Sometimes you reach the end of your endurance, whether it's physical, mental, or emotional. Maybe Lisa will be happy with the structured activities of assisted living or memory care. And you'll get some relief. Here's something I've realized recently: if you don't think of yourself as a saint or a hero, you can still think of yourself as a good person, doing the best you can. That is, friends and family have told me positive things about the way I've cared for my wife (others here have gone through a lot more than I have, which gives me a sense of humility). That's helped me get through some rough spots, knowing that others thought I was doing the right thing, but moving my wife into an assisted living facility was also the right thing, at the right time. Being aware of that doesn't make it any easier.

    I hope I've made sense in typing this out; I have only good thoughts to send you.
    • CommentAuthorRona
    • CommentTimeJul 15th 2016
     
    It has been a hell of a day. After I left her yesterday and she knew I wasen't coming back she apparently ran around opening and slamming doors trying to get out banging on the windows etc. They started giving her adavan and she has settled. I didn't sleep last night then got up early this morning and went in search for other private pay respite beds I did end up with 3 options. I went back to see our case worker and while there my phone rang it was a facility in a neighbouring town saying she has been placed there!! It wasen't on the list but I guess when I said I don't want to Bring her home that got things rolling.

    Well it is a place I hadn't considered and I think my vision was tainted when I visited before. So with fresh eyes and a new attitude I went there this afternoon and was very pleasantly surprised. Instead of 15 minutes away it may be 20-25 minutes no big deal. It is a newer building with people put in pods for there common areas and eating. It is bright and cheerful. She will have a private room with a shower in the washroom a bonus. Her room is on the first floor with a garden view nice sunny outdoor gsrden areas to walk and sit in. Staff seemed very. Ice and have gotten good reports about the care. I am pleased but what a roller coaster of a day.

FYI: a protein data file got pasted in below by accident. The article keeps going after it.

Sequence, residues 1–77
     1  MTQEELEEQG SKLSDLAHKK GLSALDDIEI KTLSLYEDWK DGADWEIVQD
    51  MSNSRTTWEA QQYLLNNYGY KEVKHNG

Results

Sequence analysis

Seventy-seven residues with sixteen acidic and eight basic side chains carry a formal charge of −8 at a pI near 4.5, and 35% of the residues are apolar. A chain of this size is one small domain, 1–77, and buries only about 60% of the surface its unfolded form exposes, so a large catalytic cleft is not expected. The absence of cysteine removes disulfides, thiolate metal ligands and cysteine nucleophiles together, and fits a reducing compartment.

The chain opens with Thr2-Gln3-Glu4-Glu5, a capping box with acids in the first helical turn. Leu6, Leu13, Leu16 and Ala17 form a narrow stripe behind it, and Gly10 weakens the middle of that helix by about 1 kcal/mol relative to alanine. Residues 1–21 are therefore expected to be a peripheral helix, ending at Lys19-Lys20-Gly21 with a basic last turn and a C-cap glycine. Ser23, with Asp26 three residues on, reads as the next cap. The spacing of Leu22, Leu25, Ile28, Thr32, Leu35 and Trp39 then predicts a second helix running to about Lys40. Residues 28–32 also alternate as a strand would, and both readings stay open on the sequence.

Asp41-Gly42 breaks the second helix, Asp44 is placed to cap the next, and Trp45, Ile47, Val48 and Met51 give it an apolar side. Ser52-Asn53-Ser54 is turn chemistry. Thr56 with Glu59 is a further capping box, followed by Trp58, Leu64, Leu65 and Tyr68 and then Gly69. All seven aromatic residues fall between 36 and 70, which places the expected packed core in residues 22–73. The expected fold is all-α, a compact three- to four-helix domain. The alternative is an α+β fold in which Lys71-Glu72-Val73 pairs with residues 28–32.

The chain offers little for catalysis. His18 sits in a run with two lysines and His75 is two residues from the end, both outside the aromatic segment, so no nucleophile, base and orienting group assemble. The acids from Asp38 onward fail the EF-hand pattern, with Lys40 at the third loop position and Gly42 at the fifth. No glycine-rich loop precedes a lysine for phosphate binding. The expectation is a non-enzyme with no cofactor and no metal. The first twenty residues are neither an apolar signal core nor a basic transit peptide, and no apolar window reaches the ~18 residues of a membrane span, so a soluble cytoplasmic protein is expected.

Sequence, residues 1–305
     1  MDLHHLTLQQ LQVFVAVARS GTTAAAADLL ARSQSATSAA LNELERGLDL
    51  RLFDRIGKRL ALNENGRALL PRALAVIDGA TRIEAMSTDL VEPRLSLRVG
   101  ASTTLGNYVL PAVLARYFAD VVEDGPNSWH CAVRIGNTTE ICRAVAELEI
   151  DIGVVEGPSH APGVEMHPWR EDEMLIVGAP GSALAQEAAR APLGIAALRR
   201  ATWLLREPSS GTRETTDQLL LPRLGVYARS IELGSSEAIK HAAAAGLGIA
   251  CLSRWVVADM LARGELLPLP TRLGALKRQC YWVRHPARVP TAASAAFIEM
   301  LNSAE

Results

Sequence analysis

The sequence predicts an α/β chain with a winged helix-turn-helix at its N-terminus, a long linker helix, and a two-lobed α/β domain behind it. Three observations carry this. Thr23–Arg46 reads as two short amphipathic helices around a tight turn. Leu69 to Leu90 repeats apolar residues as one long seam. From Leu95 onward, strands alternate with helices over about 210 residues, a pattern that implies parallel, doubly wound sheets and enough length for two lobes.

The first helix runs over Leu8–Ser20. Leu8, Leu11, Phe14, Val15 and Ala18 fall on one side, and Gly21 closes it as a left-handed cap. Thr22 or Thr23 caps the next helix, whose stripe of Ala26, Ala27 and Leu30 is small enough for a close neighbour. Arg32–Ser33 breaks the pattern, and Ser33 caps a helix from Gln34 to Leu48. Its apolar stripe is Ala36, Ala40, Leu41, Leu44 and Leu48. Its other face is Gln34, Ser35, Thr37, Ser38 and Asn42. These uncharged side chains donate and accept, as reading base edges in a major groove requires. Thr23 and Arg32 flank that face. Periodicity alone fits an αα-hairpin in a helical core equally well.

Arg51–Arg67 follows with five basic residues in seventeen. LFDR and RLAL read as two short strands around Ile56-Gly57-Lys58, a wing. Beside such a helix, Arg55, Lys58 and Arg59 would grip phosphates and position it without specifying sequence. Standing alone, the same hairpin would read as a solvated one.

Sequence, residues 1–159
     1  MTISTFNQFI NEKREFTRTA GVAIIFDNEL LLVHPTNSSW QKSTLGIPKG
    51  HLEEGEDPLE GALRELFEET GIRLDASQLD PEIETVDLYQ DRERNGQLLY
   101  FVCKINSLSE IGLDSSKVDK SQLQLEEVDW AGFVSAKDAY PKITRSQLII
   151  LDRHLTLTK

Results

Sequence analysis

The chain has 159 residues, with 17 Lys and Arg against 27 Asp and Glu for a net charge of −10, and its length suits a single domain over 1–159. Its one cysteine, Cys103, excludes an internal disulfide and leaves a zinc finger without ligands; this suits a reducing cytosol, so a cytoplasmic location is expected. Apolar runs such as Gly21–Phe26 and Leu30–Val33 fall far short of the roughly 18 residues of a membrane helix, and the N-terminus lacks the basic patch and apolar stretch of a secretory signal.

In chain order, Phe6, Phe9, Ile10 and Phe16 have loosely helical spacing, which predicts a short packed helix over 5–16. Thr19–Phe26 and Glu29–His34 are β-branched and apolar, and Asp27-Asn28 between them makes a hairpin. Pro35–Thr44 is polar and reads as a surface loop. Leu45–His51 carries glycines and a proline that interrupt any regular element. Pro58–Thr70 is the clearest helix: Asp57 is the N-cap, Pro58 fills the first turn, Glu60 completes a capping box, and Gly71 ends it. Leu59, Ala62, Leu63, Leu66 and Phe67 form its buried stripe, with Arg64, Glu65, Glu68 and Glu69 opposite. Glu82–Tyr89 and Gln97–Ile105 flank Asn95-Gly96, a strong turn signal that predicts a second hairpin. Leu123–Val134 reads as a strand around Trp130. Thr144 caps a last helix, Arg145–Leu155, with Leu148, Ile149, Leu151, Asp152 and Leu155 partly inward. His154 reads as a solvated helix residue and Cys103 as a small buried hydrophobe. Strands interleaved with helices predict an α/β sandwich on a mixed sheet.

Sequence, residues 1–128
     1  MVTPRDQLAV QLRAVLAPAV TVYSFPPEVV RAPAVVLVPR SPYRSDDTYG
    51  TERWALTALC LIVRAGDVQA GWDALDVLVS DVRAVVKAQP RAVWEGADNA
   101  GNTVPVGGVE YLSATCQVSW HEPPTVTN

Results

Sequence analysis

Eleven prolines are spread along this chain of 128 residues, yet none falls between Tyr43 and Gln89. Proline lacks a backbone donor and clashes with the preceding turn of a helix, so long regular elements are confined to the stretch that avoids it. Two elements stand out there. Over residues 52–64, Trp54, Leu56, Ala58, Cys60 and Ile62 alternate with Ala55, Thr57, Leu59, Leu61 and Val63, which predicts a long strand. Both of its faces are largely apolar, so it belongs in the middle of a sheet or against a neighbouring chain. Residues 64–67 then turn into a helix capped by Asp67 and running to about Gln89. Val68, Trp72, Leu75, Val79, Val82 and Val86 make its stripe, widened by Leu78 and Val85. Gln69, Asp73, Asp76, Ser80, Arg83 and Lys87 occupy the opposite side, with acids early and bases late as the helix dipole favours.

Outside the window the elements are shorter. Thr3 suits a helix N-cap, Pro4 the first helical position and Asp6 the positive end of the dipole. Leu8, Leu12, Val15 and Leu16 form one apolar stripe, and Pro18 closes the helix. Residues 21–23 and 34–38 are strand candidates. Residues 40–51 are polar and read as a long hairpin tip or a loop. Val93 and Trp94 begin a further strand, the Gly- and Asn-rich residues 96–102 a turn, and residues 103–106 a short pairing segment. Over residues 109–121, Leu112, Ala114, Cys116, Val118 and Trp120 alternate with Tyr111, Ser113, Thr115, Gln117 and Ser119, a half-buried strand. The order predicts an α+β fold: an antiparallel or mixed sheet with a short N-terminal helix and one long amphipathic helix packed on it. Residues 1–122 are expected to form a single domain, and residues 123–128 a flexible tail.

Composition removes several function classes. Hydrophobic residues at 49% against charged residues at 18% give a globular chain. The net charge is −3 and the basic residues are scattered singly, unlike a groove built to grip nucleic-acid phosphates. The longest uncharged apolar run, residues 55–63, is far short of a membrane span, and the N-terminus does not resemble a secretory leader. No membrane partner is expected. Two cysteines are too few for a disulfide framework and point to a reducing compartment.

I now have friends who are going to take me out for dinner I wasen't going to go but they talked me into it so I have to get going I hope I can keep my eyes open and be somewhat good company. They said it is ok if a shed a tear what a day.

    Thank you all for your comments and support it means the world to me. At this point it seems like it couldn't have worked out better. Hope so Will write more tomorrow.
    • CommentAuthorWolf
    • CommentTimeJul 15th 2016
     
    Definitely go to dinner.
  3.  
    Hope you got some sleep last night. Thinking about you this morning--sending moral support and all good wishes by ESP.
    • CommentAuthorRona
    • CommentTimeJul 16th 2016
     
    Thanks Elizabeth had a nice evening out but didn't sleep that great awake most of the night. Lisa is not settling well. Afraid anxious and delusional. Lately she had more bouts of these feelings at home as well afraid of things a lot, talking to the lady in the mirror thinking she was trying to hurt her this type of thing. I am afraid the move to respite has just made these behaviours worse. We really were not using any drugs and they are giving her adavan 3 times a day to calm her they have to keep trying to redirect her, she does redirect well. She keeps looking for me and thinks she sees me thinks I am still in the building. I think I was fooling myself as I thought she would just slip right in and adjust well the last time in respite was not like this. The Nurse I talked to last night mentioned that she sees a major change in Lisa's abilities and behaviour from when she was there in March. I guess another confirmation of what I see and another reason to know I have done the right thing. I don't think I am feeling guilty as much as a deep sense of sadness and loss. How long has it taken others to settle? I know RSA it seems like your wife has adjusted quickly but also seems she may not be as aware of her surroundings as much as Lisa is. Everyone I guess is different but this I am finding very hard thinking of her afraid and anxious I wasen't prepared for this. I am thinking should I try and go in to calm her or would that be a disaster.